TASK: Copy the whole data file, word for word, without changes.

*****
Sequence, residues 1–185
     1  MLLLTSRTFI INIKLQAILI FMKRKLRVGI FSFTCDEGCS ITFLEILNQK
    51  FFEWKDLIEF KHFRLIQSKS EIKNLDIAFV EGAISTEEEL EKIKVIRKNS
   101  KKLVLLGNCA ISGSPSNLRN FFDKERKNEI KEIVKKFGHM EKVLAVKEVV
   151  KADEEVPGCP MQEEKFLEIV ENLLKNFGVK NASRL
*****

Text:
Sequence, residues 1–185
     1  MLLLTSRTFI INIKLQAILI FMKRKLRVGI FSFTCDEGCS ITFLEILNQK
    51  FFEWKDLIEF KHFRLIQSKS EIKNLDIAFV EGAISTEEEL EKIKVIRKNS
   101  KKLVLLGNCA ISGSPSNLRN FFDKERKNEI KEIVKKFGHM EKVLAVKEVV
   151  KADEEVPGCP MQEEKFLEIV ENLLKNFGVK NASRL